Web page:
Welcome to the post-Penn State era of college athletics. Welcome to a world in which athletic directors and college administrators finally have the power again. Welcome to a time when football coaches are nothing more than just coaches.
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There was just cause for Arkansas athletic director Jeff Long to fire Bobby Petrino.
Petrino, who’s married with four kids, lied to his boss and deceived him about the motorcycle accident that got the whole scandal rolling. He wasn’t honest about his relationship with Jessica Dorrell, an Arkansas employee he hired and gave a $20,000 gift. Petrino tried to cover up the situation as much as possible.
In the end, Long couldn’t trust the leader of the Arkansas football program anymore, even though there were plenty of warning signs from the start to suggest that this wasn’t a man who was going to change just because he said sorry.
While still the Louisville coach back in 2003, Petrino secretly met with Auburn about taking over a job still occupied by Tommy Tuberville. That was bad, but the “it’s not you, it’s me” letter he posted on the players’ lockers as he left the Atlanta Falcons was even worse.
Because of Petrino’s track record and reputation, Long didn’t and couldn’t take a chance on anything else happening down the road. Considering Long had to think of the school’s reputation, as well as making the first necessary step in case of potential sexual harassment lawsuits, firing Petrino was what Long had to do. However, in several ways, this is a unique situation with the move representing a new chapter and a new era in college sports.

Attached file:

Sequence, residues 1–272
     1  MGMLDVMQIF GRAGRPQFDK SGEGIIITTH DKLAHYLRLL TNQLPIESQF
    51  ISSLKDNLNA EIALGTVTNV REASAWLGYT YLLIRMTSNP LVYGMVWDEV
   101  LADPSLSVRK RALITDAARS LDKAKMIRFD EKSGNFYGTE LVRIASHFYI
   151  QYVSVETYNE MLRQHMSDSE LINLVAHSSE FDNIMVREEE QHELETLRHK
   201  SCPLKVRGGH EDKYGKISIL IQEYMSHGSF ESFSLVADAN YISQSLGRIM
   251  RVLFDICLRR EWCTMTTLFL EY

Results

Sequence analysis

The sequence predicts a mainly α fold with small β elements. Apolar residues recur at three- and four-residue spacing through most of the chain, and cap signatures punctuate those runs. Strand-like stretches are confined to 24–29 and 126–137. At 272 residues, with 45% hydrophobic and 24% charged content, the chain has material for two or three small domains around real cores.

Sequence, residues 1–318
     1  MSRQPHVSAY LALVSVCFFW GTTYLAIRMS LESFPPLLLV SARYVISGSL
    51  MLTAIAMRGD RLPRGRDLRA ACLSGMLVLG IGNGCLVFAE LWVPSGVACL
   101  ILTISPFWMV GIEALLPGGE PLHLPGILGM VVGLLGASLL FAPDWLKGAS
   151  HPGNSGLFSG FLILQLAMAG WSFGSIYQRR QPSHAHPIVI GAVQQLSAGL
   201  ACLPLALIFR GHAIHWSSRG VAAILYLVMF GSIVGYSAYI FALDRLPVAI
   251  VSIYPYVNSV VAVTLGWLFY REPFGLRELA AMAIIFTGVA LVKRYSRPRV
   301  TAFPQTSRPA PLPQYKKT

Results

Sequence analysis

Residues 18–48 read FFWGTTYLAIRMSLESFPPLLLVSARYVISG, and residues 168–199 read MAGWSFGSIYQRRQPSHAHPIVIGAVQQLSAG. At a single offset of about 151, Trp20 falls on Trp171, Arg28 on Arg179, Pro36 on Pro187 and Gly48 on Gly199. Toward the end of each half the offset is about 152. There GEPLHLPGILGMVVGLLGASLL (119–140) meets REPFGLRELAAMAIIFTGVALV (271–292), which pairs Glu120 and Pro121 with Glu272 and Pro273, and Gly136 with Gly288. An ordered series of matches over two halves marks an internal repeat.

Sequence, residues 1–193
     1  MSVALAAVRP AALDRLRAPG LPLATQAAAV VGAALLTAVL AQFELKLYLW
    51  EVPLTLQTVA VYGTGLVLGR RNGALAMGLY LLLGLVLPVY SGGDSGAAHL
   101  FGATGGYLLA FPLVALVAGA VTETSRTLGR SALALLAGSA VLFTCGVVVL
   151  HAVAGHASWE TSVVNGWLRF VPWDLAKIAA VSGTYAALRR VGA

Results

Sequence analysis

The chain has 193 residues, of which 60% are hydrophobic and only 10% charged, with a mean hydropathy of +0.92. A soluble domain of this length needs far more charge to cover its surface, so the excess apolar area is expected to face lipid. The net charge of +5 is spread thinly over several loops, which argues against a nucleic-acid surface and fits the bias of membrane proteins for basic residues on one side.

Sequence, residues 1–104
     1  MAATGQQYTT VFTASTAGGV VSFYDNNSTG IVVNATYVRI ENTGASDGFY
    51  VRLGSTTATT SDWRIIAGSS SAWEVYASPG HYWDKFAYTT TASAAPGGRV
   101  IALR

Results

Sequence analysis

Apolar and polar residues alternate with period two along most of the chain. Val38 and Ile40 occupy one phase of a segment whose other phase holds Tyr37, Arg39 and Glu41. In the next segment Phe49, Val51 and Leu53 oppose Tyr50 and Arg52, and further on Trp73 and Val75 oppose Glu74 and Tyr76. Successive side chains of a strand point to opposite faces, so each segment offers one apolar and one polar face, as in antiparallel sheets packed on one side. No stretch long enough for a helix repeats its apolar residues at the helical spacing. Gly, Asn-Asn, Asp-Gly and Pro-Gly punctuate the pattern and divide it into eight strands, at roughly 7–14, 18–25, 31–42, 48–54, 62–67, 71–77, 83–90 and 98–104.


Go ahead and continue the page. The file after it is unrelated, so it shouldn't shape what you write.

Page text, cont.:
Before all the controversies of last year, would a Southeastern Conference head coach of a potential top-five, national-championship-caliber team get fired for lying to his boss?
Would any star coach of a money-making juggernaut — Forbes recently ranked Arkansas as the eighth-most-profitable college football program — in the same situation as Petrino have been canned before everything that happened last year? Petrino is hardly the first coach to be outed for having an affair, and he’s certainly not the first to be less-than-honest with his superiors.
Petrino didn’t get fired for breaking any laws. He has not gone because he broke an NCAA rule or because his players got in any sort of trouble. He was fired for his "manipulating and deceiving behavior," and that sets a new precedent.
The athletic director and the schools are now more powerful than the superstar head football coach. And that’s how it should be.
This wasn’t some disposable Sun Belt coach being tossed aside. There isn’t any massive institutional cover-up of alleged child molestation. Petrino isn’t charged with hiding damning evidence to protect players who violated NCAA rules, and he isn’t being nailed with any recruiting violations.
He isn’t in hot water for overpaying for phony-baloney scouting reports. No one died after falling from a tower during an “unremarkable” wind storm. There aren’t any academic issues, there aren’t any problems with the players and Petrino isn’t being accused of any wrongdoing in terms of the football program.